I bet most of you reading this already know that Scott Malthouse, Werdna of Trollhalla, author of the Unbelievable Simple Role-Playing Game (the USR), is one of my favorite fantasist. In his article over at his The Trollish Delver, he once again piqued my interest with essentially a rant entitled "Are We Sick Of European Fantasy Yet?" It's not really a rant, he goes on to highlight the works of authors that are not sticking with the well developed medieval European fantasy settings.
My first reaction was 'That's been going on forever already.' Well that was my second because the first really was 'Wow. What a good article with a provocative title. ' Since the mid 80s, folks have been playing around with what I'd call "non-Tolkien based settings." Tekumel: Empire of the Petal Throne and Skyrealms of Jorune. Heck one could say Glorantha with its decidedly bronze and iron-age atmosphere, and ducks, was not "European fantasy." Gary Gygax, himself, loved to get away from Europe. He did so with Aesheeba, a Hellenic colony on an island not far from Africa. Anybody who has followed Forgotten Realms has been exotic settings that reminds one of far-off locales and historical periods on our world. And anybody who's seen a Star Wars prequel is familiar with non-Tolkien based fantasy.
Moreover, the GM should really take his, or her time, when jumping into the unfamiliar. Whether it be Africa or say Mars, I say this for gaming group, not the game designer/setting author. It'd be rich if I took up the defense of "traditional" tabletop role-playing settings, like when did I ever start writing them? But I offer this bit of caution for the group that has been together for a long time. It can lead to roleplaying tourism or an overwhelming, as in unpleasant, experience for everyone.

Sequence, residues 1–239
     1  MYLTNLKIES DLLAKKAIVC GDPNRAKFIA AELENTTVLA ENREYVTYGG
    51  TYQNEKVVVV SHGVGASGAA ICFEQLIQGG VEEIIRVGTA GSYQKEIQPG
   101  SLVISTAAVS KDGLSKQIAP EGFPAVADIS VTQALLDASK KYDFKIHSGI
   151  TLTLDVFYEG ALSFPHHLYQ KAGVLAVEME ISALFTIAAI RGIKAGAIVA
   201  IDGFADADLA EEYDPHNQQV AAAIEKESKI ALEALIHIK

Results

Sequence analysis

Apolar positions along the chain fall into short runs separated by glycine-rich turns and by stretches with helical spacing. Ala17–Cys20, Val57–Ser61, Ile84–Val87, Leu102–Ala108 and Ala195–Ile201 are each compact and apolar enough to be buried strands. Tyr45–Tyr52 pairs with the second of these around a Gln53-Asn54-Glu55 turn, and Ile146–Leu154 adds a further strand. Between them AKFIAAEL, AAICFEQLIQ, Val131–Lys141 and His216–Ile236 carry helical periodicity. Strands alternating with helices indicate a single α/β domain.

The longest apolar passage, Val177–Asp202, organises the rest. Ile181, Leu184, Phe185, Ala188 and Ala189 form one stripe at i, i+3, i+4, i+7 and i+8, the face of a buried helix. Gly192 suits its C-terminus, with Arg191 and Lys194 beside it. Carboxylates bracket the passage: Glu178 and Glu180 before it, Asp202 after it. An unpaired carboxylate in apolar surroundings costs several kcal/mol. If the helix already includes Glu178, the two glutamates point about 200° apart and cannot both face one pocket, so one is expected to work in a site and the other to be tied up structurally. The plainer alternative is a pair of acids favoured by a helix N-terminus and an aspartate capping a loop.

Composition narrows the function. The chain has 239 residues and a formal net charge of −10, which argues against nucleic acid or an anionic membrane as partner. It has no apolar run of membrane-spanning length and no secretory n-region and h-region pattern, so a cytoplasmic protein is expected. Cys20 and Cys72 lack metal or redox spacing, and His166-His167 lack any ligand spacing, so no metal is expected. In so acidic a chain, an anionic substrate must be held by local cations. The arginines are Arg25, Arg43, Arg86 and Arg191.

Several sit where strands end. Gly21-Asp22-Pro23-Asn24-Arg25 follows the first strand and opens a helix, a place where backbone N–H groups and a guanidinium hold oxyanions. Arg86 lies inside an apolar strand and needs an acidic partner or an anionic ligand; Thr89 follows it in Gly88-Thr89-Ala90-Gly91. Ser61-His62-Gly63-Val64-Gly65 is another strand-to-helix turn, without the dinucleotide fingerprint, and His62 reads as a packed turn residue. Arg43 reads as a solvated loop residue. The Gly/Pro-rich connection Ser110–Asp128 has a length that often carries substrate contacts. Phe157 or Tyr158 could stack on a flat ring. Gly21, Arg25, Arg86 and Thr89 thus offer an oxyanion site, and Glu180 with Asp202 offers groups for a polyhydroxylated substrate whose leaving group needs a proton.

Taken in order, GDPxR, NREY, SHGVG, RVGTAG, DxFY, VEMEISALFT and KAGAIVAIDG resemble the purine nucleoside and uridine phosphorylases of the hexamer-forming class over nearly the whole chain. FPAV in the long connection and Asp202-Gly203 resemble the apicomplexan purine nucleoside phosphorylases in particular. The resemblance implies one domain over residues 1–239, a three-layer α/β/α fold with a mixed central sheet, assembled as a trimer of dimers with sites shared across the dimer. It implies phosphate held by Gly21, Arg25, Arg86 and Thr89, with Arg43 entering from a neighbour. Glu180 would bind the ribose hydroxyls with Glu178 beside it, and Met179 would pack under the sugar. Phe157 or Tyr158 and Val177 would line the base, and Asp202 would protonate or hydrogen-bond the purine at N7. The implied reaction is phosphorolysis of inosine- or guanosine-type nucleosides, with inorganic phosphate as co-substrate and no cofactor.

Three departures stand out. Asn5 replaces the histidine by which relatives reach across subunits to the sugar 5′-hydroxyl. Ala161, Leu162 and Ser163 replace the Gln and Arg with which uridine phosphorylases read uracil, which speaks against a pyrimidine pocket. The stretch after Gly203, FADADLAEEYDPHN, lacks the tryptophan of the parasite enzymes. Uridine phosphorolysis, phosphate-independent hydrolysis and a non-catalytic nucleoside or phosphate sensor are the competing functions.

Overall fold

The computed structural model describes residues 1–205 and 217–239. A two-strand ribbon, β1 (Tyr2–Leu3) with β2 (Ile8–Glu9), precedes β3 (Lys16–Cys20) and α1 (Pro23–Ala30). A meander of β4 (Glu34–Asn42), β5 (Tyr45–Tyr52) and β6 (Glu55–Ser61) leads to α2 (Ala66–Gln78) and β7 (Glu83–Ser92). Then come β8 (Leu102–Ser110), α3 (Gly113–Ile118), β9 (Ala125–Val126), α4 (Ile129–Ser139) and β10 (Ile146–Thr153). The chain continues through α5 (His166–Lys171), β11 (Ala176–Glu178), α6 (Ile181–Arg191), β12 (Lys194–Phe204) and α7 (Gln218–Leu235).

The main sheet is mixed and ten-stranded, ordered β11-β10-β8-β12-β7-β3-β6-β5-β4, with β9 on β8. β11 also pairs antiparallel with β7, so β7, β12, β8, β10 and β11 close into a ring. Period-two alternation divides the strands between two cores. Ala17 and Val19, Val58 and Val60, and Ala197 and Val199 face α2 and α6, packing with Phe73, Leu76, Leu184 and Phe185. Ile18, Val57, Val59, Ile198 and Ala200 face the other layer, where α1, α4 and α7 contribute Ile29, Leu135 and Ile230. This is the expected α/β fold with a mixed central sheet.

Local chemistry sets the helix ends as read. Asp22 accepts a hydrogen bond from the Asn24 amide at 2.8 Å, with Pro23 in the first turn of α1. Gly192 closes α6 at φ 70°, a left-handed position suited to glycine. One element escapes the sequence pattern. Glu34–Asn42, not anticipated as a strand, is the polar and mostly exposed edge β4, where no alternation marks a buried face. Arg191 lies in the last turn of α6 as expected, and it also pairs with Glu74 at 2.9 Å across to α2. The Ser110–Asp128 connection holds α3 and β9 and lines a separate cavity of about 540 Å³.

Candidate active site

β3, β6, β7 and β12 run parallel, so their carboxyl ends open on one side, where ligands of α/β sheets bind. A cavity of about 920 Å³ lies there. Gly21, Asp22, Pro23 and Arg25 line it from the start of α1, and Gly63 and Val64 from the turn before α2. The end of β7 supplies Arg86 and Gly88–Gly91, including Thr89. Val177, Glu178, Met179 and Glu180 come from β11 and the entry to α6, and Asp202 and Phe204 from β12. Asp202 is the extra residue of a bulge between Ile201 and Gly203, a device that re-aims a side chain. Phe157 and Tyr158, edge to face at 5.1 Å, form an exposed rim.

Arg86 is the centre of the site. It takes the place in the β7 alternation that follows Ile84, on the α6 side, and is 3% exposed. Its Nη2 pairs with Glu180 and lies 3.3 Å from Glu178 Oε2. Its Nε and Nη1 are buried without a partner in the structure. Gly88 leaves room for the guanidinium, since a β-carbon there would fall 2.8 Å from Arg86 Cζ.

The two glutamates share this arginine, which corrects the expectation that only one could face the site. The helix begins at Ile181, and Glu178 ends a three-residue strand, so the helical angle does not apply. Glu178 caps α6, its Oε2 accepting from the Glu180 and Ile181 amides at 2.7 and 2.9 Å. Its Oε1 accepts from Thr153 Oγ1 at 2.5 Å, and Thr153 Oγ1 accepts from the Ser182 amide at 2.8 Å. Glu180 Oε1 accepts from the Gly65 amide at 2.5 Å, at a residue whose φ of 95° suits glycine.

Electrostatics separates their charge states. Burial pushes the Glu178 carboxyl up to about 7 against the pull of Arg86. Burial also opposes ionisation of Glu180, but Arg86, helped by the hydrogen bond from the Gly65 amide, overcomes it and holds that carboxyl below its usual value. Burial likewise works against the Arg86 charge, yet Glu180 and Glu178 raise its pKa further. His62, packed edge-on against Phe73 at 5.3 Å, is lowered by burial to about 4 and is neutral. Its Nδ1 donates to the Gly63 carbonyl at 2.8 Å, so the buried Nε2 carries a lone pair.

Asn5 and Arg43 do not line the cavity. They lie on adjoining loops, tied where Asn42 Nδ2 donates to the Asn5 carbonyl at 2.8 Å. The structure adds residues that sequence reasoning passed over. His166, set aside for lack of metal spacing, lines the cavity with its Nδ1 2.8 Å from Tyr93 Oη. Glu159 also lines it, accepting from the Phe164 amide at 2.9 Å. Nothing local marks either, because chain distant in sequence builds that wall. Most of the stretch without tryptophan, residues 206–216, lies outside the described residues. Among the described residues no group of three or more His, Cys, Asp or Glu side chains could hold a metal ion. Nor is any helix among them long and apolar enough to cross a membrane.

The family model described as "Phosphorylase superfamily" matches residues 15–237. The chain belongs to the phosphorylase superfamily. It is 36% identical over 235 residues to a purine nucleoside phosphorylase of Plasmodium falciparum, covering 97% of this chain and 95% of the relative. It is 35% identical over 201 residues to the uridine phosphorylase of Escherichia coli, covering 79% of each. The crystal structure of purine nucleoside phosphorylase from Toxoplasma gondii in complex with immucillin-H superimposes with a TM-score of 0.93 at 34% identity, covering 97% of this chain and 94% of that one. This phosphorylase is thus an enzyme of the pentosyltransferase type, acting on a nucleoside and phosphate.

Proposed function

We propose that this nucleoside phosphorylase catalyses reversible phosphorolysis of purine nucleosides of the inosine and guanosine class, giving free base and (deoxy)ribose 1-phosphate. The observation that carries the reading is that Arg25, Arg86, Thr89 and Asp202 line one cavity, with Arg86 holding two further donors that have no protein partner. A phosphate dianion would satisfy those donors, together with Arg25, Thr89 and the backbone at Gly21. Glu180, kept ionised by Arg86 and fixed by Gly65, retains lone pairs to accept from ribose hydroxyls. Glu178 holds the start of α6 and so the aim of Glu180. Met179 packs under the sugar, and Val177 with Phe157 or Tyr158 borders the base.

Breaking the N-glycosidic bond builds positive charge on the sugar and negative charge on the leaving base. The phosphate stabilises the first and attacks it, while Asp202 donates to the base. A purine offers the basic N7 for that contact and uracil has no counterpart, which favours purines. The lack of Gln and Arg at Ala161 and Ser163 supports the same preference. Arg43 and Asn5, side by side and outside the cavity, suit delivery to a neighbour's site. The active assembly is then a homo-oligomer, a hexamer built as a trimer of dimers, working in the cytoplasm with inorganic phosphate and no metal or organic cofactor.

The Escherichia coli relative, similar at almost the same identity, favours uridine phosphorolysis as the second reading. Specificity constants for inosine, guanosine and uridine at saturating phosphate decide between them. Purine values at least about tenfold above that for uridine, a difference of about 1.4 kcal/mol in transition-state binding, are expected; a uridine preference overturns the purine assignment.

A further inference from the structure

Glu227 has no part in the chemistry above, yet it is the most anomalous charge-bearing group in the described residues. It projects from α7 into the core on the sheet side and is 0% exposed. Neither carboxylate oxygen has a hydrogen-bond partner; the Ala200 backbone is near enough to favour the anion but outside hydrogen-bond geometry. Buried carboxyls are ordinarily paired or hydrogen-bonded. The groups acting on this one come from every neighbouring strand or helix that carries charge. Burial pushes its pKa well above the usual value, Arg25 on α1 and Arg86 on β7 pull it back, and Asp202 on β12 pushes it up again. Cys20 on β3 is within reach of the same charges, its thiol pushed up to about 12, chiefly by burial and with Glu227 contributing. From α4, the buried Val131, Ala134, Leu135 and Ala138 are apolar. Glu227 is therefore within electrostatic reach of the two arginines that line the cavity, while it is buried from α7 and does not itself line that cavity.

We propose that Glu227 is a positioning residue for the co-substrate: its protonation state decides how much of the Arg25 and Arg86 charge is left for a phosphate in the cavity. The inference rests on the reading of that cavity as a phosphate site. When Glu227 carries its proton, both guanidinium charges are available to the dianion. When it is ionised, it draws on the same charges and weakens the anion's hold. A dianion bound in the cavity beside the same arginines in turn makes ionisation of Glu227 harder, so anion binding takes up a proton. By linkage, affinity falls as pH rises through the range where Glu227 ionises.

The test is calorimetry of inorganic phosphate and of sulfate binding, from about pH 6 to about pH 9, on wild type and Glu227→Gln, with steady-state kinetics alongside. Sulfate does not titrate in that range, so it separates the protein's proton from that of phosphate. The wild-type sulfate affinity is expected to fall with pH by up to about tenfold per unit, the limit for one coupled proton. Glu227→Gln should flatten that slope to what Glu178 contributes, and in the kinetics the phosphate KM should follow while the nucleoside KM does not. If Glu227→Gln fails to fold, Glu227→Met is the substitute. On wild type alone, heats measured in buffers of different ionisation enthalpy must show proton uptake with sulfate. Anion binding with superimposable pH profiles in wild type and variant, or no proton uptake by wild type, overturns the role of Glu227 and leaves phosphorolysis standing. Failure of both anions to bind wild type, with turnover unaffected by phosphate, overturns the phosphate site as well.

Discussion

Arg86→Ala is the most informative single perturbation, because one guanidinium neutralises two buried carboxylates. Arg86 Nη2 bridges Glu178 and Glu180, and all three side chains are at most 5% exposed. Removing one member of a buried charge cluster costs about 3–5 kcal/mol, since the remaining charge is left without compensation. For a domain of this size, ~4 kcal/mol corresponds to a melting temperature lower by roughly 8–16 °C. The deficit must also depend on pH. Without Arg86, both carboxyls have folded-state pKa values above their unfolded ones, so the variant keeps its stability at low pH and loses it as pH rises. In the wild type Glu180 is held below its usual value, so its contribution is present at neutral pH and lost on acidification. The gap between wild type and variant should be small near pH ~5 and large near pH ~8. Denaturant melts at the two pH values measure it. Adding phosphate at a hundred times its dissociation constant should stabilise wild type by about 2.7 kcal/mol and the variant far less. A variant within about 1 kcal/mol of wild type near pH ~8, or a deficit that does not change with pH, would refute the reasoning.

I find borders and lethality work well. No really they do. Everyone would start out as newcomers to the region and the players would start to learn about the folks that are from there. One or two of the Characters would get killed, or called back to the homestead if your players are that tempermental, and other characters from around the area would have to replace them. These new characters would build upon the players' growing familiarity with the setting.
After traveling through a couple different kingdoms, usually a few hundred miles, I estimate this is how far people would travel in oar-driven galleys and by horse over glorified goat-trails called trade routes over the period of a season, before the advent of sail-driven nation-state, the players that are still with you are ready for anything.
Since 2005, I, myself, have had campaigns going from exotic to familiar. Going from my version of Kenya and ending up in a direct metaphor for Medieval Jerusalem. I've threwn in some Larry Niven Pak protectors to keep things from getting boring. I hope to get the players, two of the characters are very European these days, from my Antioch to Lahore and back to Kenya over the next five years.